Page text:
J.T. Ellison loves what she does, and her joy in doing it shows. The Nashville writer is the author or co-author of 15 novels (that’s a book or two a year, not even including a handful of novellas and short stories — wow), including a New York Times bestselling series she creates along with a writing partner, Catherine Coulter. With her latest release, she gives fans a new standalone thriller, No One Knows.
In a recent review, Chapter16 noted what Ellison does best is create characters who resist falling into obvious good-guy/bad-guy territory. In No One Knows, “…it’s difficult to conclude who is most, or least, sympathetic. No one in this novel is without serious lapses in judgment and fatal flaws.” Not unlike real life, right?
Ellison celebrates the release of her new book right here at Parnassus Books this Tuesday, March 22, 2016 at 6:30 p.m. Meanwhile, she’s answering a few questions for our Musing editor, Mary Laura Philpott — with whom Ellison also co-hosts the reboot of Nashville Public Television’s literary interview show, A Word on Words. Here’s their conversation.
Your books are full of lies, double-crossing, kidnapping, murder… As I was reading No One Knows, it tickled me to think that you — my mild-mannered and friendly television co-host! — wrote it. I’m curious about where your fascination with this type of story comes from. Do you often find yourself questioning people’s behavior or wondering if they have dark ulterior motives?
JTE: Um… yes? It’s terrible of me, I know. I can create a world for you that you’ll never recognize. It stems from the concept that we don’t ever really know someone, nor do we know what happens behind closed doors. When I’m low on characters I’ll just pop in to Starbucks and walk out with a whole cast.
And I’m fascinated by choices. I’d like to think I have a pretty steady moral compass, so when someone does something unethical, or criminal, I’m always aghast. And then I want to sit them down and find out why. What drove you to that decision? Was it easier to cheat? Weren’t you worried about how it would look? You weren’t afraid of going to jail? The idea that our society is split in two — law-abiders and criminals — makes novels like mine come to life. I love Nashville as the palette for this kind of story, too. The juxtapositions in this town are fabulous.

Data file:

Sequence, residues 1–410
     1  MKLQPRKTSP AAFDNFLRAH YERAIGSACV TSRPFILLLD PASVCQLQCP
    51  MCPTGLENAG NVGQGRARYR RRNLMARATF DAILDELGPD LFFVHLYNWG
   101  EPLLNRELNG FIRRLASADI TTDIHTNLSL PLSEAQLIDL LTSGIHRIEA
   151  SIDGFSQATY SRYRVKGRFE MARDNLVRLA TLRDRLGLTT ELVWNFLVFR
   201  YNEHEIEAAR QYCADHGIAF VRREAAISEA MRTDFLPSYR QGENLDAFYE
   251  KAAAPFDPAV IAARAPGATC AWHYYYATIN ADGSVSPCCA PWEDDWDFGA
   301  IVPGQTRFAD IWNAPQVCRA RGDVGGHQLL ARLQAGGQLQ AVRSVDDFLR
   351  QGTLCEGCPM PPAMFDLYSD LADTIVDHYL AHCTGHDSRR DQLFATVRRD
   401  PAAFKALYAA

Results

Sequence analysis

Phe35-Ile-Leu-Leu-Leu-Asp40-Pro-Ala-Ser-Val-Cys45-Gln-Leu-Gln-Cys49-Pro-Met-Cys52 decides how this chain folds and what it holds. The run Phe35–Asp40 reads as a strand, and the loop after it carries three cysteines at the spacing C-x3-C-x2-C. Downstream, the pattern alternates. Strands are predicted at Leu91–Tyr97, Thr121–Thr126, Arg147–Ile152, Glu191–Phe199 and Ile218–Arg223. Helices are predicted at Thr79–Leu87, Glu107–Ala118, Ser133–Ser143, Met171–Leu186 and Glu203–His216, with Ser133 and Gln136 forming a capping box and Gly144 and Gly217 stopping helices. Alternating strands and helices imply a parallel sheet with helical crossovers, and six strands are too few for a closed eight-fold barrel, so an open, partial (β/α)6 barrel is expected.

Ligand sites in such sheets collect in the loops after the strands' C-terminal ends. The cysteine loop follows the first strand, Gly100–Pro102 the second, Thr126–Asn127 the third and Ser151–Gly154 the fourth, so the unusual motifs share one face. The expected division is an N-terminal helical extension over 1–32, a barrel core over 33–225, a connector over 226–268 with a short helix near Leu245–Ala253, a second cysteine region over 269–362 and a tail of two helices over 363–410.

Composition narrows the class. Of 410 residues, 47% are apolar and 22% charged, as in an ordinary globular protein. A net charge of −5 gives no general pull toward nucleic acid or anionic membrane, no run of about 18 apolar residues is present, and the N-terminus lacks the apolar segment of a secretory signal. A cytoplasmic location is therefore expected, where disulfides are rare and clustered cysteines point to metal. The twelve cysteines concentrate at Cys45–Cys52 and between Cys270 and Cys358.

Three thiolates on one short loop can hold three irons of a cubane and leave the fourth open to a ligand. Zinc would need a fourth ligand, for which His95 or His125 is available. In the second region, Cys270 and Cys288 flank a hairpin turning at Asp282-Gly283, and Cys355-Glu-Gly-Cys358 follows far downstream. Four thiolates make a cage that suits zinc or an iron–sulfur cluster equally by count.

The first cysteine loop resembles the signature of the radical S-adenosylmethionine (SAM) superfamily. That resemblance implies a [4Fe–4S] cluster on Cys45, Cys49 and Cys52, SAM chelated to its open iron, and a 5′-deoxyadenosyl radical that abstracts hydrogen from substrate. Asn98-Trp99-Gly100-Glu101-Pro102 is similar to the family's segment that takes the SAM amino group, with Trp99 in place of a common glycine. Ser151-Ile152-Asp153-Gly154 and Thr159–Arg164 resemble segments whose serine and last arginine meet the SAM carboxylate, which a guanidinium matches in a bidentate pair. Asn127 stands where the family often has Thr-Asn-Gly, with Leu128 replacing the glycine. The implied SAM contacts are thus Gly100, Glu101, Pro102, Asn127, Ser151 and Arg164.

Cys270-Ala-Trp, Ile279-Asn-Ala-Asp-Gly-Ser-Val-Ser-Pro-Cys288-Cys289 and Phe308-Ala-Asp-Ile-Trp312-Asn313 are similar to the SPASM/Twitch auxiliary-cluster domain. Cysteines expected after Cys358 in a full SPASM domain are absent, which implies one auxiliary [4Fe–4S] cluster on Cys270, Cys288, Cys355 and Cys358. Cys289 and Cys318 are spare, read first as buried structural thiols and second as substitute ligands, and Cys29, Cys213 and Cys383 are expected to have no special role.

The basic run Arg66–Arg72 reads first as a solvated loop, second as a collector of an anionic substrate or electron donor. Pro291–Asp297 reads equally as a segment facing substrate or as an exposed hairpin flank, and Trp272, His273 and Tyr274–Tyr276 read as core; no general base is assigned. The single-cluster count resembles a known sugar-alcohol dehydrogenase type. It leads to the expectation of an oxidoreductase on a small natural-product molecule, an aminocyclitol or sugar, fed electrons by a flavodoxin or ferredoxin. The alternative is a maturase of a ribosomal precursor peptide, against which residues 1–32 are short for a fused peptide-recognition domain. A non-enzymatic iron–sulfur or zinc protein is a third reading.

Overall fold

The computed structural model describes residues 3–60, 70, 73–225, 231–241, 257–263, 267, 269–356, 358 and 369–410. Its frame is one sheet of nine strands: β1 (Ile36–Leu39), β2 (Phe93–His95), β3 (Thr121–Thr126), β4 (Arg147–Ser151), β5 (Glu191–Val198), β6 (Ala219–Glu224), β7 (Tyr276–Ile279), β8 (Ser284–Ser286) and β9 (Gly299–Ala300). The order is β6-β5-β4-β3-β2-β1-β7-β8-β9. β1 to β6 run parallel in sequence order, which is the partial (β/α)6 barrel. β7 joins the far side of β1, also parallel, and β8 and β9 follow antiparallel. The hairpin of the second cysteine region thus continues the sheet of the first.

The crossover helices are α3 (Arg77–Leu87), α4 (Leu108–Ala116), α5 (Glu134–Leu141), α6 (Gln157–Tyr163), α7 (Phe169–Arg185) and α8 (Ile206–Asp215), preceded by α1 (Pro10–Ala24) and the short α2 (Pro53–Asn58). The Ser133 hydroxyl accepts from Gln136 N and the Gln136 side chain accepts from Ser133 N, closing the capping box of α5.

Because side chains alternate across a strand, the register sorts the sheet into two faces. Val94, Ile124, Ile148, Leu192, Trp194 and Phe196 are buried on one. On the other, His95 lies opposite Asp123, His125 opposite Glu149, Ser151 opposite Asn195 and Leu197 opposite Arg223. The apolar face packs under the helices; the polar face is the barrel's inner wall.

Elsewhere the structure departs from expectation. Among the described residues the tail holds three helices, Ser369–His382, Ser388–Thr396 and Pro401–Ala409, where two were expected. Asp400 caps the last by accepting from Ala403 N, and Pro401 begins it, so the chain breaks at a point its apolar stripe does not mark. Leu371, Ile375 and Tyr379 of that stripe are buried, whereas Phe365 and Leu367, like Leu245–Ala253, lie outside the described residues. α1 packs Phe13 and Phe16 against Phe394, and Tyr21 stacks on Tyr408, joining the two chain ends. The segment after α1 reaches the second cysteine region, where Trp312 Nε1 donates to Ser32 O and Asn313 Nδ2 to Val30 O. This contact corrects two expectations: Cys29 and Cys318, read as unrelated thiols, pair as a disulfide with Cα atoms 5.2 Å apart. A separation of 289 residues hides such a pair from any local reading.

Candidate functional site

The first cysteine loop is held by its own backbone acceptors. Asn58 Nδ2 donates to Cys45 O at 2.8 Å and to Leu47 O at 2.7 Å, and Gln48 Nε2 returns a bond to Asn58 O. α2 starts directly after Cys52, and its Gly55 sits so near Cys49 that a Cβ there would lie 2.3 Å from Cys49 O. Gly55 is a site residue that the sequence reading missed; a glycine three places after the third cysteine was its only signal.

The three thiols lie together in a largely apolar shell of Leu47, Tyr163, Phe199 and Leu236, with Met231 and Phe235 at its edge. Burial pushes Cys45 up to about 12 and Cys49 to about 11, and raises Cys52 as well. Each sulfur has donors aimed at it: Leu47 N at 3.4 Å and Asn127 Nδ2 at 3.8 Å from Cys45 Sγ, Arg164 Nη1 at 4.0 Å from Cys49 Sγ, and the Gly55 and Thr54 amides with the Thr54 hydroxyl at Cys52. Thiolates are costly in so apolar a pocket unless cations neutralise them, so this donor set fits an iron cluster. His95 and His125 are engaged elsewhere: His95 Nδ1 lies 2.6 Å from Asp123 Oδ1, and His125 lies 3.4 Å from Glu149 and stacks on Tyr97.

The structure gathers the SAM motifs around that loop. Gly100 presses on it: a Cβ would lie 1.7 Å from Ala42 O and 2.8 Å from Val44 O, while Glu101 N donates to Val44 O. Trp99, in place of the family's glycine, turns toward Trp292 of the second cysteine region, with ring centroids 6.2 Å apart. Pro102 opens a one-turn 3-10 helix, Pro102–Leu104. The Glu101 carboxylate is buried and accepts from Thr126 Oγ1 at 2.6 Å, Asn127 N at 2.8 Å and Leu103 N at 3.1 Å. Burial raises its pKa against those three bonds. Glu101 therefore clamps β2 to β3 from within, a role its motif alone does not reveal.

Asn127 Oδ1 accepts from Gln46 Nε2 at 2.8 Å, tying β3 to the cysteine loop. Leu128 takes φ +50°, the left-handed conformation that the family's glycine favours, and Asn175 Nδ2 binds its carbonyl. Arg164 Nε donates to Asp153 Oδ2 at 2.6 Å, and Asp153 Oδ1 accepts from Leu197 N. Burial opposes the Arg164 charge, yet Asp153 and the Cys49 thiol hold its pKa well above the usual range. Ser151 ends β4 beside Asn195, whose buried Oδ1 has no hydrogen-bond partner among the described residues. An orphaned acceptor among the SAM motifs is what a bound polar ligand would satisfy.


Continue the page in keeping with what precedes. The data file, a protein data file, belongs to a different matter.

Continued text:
Scouting new characters at Starbucks — I love it. What did you read growing up? Were there particular authors or books that shaped your tastes as a reader and writer?
JTE: Everything. From Judy Blume to Karleen Koen, Peter Straub to Coleen McCullough. And poetry, lots of poetry. I was a precocious reader, and my parents didn’t put any limits on me. If I could understand it, great. I loved dragons and witches and romance and mysteries and sci-fi—all genres I continue to read.
I have all my old Nancy Drew’s. Do you remember the order sheets in the back? Mine have comments: “This looks stupid.” “I’d like this story.” Always a critic, even at 10. I spent an inordinate amount of time with Dr. Spock’s book on child-rearing and Linda Goodman’s Sun Signs. I think I was trying to figure myself out, and their insights seemed so logical and obvious. (And yes, as a Taurus, I wisely married a Leo. Thanks for the advice!)
How has your writing evolved throughout your career? Do you ever look back at an early book and think, “Oh, I’d never do this or that now…” or do you find that your style has been pretty consistent?
JTE: It’s funny you ask that. My husband and I were just discussing how my style has evolved. I’m rereading one of my older books, prepping for the newest installment in the series, and I realized my style has changed. Not a lot, but it’s smoother now, less flowery (cough *purple* cough). I’ve been rather free with the rules from Day One, and will continue to be, but I have (finally) conquered my comma splice issue. I’ve learned a lot in the past few years, and I’m sure I have more to go. Though I do have bugaboos — dogs pad, people walk. Drives me nuts when people are “padding” all over the place. The visuals are all wrong. I love words: big, small, everything in between. They exist for a reason, so I like to use them, broadly and reverentially.